An analogous scale exists for portraying the broad range of potential danger from a nuclear accident—whether it be a small leak of radioactive material or the meltdown of a reactor—though it lingers in relative obscurity. But with plans to build many more nuclear reactors worldwide, including as many as 30 in the U.S. alone over the next few decades, the International Nuclear Event Scale (INES) may become more familiar.
The scale ranges from level 0 (a "deviation" of "no safety significance") to level 7 (a "major accident"). No major nuclear accidents have occurred since it was implemented in 1992, but it has been used to assess damage from previous events. Only one event, the 1986 meltdown of the Chernobyl nuclear plant in Ukraine, has merited its most serious degree, level 7. The explosion in the reactor core spread both short- and long-lived radioactive material as far as the U.K. Therefore, it fulfilled all three of the scale's criteria: on-site impact, off-site impact and so-called "defense in depth."
The latter concept refers to the numerous safeguards designed to limit the impact of potentially deadly accidents. "How did the safety provisions function and how close the event was to causing a problem," says Cynthia Jones, the U.S. Nuclear Regulatory Commission's (NRC) senior technical advisor for nuclear security. "It's like if you had a car accident and you broke your turn signal. Can you still drive the car? Yes, but you've lost one of your defenses. It's a degradation of warning."
In the case of Chernobyl, all such preventive measures failed. In the case of the 1979 accident at the Three Mile Island nuclear plant near Middletown, Pa., radioactivity spread but was limited to a 10-mile radius, which led to it being downgraded it to level 5, even though it had the makings of a full-scale catastrophe due to human error.
In all, there were 10 incidents at U.S. nuclear plants last year that merited ratings of 2—"significant spread of contamination / overexposure of a worker" and "incidents with significant failures in safety provisions," as the INES handbook puts it—or above, Jones says. "Two reactor events and eight nonreactor events."
Among the eight nonreactor events was a spill at the Nuclear Fuel Services, Inc., fuel production plant in Erwin, Tenn., in March 2006. More than eight gallons (31 liters) of highly enriched, weapons-grade uranyl nitrate, the liquid form of transportable uranium, nearly pooled in a sufficient quantity to achieve the conditions necessary for a spontaneous chain reaction—uncontrolled fission, otherwise known as a criticality.
"Nothing did happen in terms of a criticality event," says NRC commissioner Gregory Jaczko. "That would have been the kind of event that would have been a potential." Because such fission was avoided, the incident was reported to the International Atomic Energy Agency (IAEA) by the NRC as a level 2 event on the INES scale. Subsequently, the plant was closed for seven months and a major reorganization has been undertaken by Nuclear Fuel Services, according to notes from a meeting with NRC commissioners.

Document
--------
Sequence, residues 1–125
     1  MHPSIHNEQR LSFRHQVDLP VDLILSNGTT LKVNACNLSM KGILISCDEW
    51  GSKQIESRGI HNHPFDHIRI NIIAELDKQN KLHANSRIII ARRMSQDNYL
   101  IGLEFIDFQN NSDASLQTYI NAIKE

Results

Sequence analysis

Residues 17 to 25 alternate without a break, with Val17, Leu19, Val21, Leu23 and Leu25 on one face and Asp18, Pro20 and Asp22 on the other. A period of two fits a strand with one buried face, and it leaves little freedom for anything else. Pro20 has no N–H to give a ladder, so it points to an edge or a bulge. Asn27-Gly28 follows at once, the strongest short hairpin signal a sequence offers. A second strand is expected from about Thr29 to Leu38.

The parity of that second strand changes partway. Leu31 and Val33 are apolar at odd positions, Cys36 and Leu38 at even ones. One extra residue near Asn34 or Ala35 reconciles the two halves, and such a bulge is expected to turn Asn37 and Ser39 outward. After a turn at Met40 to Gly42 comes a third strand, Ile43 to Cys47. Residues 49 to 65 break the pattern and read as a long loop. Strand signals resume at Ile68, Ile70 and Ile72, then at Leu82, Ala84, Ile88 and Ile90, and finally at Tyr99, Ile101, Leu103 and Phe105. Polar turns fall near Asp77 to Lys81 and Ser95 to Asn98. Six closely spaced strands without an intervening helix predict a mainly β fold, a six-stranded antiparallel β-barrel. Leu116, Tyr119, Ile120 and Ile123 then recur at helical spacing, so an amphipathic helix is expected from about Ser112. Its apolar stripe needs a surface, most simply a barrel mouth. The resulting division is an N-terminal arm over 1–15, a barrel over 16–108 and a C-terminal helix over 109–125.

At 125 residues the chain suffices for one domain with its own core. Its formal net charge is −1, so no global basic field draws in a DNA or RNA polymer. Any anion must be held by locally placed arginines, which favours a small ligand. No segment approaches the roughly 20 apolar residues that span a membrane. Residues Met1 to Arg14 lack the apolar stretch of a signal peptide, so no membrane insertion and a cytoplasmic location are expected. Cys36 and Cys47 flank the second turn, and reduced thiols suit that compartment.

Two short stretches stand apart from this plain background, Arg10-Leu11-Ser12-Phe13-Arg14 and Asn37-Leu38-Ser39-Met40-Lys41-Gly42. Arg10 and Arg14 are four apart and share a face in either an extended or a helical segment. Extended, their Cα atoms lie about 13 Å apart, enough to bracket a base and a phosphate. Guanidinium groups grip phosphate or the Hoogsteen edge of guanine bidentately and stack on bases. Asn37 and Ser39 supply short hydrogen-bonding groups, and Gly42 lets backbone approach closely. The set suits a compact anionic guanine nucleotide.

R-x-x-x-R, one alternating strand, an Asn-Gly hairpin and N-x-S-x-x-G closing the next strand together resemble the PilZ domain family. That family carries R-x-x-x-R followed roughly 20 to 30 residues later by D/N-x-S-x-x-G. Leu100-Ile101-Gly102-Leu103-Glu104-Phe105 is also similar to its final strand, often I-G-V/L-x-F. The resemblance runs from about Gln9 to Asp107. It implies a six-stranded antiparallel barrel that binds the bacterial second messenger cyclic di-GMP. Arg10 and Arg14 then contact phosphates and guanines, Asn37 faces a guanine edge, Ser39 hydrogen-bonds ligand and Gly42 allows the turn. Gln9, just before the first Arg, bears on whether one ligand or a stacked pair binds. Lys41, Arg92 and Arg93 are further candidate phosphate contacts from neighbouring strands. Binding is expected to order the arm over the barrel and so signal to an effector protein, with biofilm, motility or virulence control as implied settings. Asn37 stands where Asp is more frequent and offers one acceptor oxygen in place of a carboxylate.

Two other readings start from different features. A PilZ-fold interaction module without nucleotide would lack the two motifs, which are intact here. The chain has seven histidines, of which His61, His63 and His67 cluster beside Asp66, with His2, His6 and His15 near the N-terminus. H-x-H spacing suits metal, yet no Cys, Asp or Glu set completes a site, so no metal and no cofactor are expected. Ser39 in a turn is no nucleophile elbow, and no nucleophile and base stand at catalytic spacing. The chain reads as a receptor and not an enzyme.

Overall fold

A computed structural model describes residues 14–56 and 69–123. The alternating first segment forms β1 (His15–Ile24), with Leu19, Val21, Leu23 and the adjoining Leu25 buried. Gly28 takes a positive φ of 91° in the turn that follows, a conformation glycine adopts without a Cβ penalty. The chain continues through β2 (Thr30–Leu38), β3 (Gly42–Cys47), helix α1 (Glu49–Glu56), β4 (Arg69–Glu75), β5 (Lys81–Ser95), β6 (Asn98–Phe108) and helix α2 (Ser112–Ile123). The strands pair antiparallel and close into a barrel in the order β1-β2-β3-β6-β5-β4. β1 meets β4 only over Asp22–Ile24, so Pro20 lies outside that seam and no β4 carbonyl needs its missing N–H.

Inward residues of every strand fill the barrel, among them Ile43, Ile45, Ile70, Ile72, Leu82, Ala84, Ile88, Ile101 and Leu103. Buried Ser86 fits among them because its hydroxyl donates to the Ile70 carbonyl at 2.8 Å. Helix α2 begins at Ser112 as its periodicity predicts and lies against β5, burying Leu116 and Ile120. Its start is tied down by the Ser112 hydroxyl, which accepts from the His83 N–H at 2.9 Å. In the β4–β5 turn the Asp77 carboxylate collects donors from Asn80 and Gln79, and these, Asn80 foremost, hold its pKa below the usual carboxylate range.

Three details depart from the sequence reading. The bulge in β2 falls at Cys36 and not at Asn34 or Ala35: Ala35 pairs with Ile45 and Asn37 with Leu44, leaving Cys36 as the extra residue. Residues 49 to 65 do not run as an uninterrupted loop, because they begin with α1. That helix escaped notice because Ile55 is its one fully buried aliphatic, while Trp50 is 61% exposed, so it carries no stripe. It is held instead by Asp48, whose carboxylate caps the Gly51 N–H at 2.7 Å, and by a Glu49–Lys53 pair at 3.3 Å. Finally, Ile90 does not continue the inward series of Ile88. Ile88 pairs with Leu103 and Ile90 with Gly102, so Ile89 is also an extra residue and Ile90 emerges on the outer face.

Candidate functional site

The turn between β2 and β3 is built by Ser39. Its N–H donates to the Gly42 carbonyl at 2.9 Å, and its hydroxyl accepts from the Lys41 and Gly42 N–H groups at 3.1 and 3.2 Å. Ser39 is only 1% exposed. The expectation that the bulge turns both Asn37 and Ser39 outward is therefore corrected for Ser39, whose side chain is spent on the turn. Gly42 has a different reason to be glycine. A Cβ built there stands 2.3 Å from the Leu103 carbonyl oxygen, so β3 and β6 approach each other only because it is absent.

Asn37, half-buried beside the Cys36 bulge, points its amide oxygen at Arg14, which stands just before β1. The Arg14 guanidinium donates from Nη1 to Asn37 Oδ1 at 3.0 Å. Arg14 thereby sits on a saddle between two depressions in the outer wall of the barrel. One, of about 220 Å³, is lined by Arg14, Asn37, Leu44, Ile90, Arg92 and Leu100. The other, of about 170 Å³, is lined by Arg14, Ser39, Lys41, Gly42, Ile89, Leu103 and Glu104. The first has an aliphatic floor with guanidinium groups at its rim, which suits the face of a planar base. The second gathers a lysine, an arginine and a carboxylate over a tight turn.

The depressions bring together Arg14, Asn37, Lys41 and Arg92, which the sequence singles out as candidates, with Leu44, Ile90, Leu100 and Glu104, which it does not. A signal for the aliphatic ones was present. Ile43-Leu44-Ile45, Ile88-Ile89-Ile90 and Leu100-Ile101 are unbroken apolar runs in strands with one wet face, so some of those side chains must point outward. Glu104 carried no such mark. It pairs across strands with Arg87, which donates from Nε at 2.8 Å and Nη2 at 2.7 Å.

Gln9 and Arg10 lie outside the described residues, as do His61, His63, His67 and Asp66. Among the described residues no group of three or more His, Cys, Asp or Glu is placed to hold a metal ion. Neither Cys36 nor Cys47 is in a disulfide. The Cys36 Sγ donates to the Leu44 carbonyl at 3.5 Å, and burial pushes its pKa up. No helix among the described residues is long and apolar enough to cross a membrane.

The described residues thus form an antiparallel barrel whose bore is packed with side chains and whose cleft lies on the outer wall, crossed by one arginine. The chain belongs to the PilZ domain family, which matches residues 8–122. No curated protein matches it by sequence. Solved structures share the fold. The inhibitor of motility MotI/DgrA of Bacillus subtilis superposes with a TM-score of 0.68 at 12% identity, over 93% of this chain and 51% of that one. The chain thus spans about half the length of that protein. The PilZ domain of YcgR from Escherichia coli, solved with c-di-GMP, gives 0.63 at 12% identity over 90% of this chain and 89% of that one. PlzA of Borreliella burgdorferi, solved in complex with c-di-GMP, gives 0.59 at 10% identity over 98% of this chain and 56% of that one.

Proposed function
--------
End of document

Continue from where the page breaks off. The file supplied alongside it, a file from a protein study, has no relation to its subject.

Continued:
The INES scale notwithstanding, word of this near-fission event did not reach the public until this year due to secrecy provisions put in place by the Bush administration to stop would-be terrorists and others from getting information about nuclear power plants. "Certainly, in my view, this was something we should have reported initially," Jaczko says.
Notes Rejane Spiegelberg Planer, who is in charge of incident reporting at the IAEA: "There is no obligation to report." So far, 63 countries have agreed to voluntarily report and rank incidents on the scale. Each country has its own internal reporting requirements; the NRC requires that all licensed U.S. nuclear operators promptly notify it of any incidents.
The information, of course, can only be as good as the reporting—and the scale itself. The leaks of nuclear fuel rod cooling water, a burning transformer and other problems at the world's largest nuclear reactor—Kashiwazaki-Kariwa in Japan—caused by the earthquake this past week have yet to rise above INES level 0. The coolant's radioactivity has been reported as 16,000 becquerels per liter in the roughly liter-and-a-half (0.39-gallon) spill. (One becquerel is the measure of a material's radioactive decay equal to one nucleus disintegration per second.) To merit a 2 on the scale, for example, would require the leak of material emitting several gigabecquerels. "We can't even measure that [Japanese spill] with any kind of device that we have," Jones says.
A malfunction in the water pump at the Oyster Creek nuclear power plant in New Jersey caused it to shut down on July 17 and release one curie of tritium (an isotope of hydrogen) in vented steam, according to the NRC. One curie equals 37 billion becquerels, "just half the radiological exposure of living with a household smoke detector," according to Exelon, the power company that runs the plant. As a result, this incident at the oldest operating nuclear reactor in the U.S. also does not merit inclusion on INES.
But with more nuclear power plants being built and planned (there are licenses pending at the NRC to build 30 plants in the U.S.), the aging of those currently on line as well as the proliferation of radioactive materials used in other applications, the INES scale may yet become more familiar. "I like to compare it with a very simple scale that is a thermometer," IAEA's Spiegelberg Planer says. Level 0 is equivalent to the human body at its normal temperature. Level 2 might be a slight rise in temperature that prompts taking an aspirin. "You don't go to the emergency room if you can take an aspirin," she says, whereas at level 7 "you are already in the hospital."